MASVINGO – Renowned poet Chirikure Chirikure has refurbished a building at Nemashakwe Business Centre, Vhunjere in rural Gutu and turned into a digital library.
The project is courtesy of funding that one of Zimbabwe’s most famed artist secured from the African Publishing Innovation Fund (APIF).
The library is complete with piped water from a solar-powered borehole and the project was carried out at a cost of around US$15 000.
The library is a response to the Covid19 pandemic that has left thousands of children in Zimbabwe and millions in Africa out of school because they cannot afford and have no access to internet lessons.
Chirikure confirmed the development and told The Mirror that the library has just been completed.
The library has internet connection, book library, a study place and it offers livelihood training programs. The borehole has capacity to supply nearby villages.
The project comes in the wake of Covid19 which has left millions of children in under resourced Africa out of school and the library comes in handy because of the digital access.
“With school and rural areas poorly resourced, communities across Zimbabwe lack social infrastructure, such as libraries. Led by Chirikure Chirikure, the country’s most famous poet, this initiative will develop a modern community library and resource centre in Nemashakwe area, Gutu district, that will provide 800 students and youth access to books, a place to study, and programs to attain livelihood skills,” reads part of a statement released by APIF.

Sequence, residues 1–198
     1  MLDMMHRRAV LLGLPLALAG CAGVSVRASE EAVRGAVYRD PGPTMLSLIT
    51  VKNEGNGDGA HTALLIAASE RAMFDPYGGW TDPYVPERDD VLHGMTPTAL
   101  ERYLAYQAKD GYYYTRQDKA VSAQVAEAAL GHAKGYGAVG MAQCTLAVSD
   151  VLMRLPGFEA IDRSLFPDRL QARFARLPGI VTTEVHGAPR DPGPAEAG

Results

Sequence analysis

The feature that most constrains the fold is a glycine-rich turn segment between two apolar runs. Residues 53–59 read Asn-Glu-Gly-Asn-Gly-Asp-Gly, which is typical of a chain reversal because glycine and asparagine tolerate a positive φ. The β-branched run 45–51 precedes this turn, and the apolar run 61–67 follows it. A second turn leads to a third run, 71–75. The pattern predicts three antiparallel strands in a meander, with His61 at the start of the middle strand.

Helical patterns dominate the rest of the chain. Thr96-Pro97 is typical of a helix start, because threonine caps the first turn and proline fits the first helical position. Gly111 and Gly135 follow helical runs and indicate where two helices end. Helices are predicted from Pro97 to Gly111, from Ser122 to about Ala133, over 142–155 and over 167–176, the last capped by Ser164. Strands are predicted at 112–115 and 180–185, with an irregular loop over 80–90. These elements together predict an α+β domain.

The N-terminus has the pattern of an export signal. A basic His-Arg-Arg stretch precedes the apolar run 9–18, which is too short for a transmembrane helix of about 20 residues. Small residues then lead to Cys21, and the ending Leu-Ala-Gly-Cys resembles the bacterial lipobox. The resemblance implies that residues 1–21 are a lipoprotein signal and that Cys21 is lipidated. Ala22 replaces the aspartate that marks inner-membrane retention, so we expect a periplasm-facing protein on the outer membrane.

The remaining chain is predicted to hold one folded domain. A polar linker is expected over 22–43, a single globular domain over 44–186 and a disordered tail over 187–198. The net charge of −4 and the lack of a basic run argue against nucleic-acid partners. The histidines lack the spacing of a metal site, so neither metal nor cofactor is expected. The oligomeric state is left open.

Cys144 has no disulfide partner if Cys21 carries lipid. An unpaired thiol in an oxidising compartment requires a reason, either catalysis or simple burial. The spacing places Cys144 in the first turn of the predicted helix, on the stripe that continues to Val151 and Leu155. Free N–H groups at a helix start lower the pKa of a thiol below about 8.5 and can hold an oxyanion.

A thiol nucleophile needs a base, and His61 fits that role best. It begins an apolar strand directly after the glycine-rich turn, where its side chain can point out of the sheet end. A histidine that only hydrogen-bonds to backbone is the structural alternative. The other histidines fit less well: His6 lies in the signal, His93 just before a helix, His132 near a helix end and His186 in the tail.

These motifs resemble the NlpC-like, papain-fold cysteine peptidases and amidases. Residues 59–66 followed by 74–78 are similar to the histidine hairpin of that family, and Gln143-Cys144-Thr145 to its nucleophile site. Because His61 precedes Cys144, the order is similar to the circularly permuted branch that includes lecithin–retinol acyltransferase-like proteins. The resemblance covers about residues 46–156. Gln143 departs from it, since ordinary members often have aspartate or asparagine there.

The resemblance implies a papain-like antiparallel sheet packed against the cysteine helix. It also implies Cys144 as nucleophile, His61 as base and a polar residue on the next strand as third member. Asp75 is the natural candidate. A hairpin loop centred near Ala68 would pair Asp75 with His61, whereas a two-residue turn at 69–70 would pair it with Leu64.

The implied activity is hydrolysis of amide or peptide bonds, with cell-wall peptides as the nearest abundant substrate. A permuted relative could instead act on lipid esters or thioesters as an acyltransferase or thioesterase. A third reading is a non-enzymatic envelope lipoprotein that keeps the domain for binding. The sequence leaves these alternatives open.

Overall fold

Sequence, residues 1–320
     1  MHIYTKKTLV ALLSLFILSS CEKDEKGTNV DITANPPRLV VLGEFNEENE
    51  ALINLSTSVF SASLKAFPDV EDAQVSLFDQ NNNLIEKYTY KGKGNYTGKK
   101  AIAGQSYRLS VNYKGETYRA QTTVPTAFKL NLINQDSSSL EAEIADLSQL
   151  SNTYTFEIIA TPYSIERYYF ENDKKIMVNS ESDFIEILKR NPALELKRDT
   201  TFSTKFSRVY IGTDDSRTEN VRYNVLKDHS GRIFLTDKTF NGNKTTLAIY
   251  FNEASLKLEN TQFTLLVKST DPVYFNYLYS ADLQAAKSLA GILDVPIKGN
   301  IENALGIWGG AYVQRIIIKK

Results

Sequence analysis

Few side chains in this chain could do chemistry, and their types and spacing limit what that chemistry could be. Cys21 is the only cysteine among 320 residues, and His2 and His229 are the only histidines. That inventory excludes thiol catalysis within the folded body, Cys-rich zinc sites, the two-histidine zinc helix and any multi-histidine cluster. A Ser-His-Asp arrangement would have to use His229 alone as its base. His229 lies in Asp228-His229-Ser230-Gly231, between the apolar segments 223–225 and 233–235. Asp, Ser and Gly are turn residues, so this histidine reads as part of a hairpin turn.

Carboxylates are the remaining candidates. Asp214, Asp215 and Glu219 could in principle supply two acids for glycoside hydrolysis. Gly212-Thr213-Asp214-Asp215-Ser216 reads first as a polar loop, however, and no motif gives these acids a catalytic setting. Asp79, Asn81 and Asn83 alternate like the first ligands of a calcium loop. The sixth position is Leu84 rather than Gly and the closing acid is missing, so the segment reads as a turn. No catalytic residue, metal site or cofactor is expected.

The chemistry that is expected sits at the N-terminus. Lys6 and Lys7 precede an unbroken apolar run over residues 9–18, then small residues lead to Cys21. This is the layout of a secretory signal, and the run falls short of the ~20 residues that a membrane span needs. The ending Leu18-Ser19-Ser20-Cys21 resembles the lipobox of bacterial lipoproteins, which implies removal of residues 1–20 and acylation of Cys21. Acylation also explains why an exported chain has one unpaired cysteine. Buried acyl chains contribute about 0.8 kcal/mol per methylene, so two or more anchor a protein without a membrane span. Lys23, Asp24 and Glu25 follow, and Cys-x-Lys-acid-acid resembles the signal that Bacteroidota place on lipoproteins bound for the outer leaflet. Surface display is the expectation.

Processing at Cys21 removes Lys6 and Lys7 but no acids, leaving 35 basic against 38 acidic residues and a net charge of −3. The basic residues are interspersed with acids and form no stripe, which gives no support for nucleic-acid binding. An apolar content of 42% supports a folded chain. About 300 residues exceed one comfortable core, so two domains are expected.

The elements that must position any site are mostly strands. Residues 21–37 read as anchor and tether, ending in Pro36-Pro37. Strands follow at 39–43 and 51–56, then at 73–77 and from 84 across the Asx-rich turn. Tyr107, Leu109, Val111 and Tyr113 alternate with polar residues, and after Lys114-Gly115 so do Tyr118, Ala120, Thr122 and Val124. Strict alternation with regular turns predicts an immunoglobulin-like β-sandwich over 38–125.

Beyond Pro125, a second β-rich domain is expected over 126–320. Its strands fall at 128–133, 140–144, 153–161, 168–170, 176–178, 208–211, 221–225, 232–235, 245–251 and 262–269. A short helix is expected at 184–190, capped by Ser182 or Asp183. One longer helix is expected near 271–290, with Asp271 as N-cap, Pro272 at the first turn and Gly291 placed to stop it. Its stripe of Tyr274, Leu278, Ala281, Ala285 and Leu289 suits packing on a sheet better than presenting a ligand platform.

Chirikure got the funding after submitting an application and he was one of the 311 applicants from 26 countries. His application is among the five that were successful.
The other selected entries are from Ghana, Kenya, Rwanda and Tanzania.
The programme is funded through an APIF four-year US$800 000 fund provided by Dubai Cares, a United Arab Emirates (UAE) based philanthropic organisation and administered by International Publishers Association (IPA).
Dubai Cares chief executive officer Dr Tariq Al Gurg said the grant recipients are charged with finding ways of ensuring that students will not be disrupted from learning even in the midst of the Covid19 pandemic.
‘Over 250m African school going children are out of school owing to Covid19 particularly in rural areas where there is no internet connection, library facilities and where there is significant urban-rural digital divides”, reads part of the press statement.
IPA president Bodour Al Qasimi said the effects of Covid19 on education are acutest where the infrastructure cannot support the connectivity required for distance learning.
“Having received far more applications than we could have imagined, we are all very excited to have found five projects that we believe will deliver significant benefits for a great number of children and young people,” said Qasimi.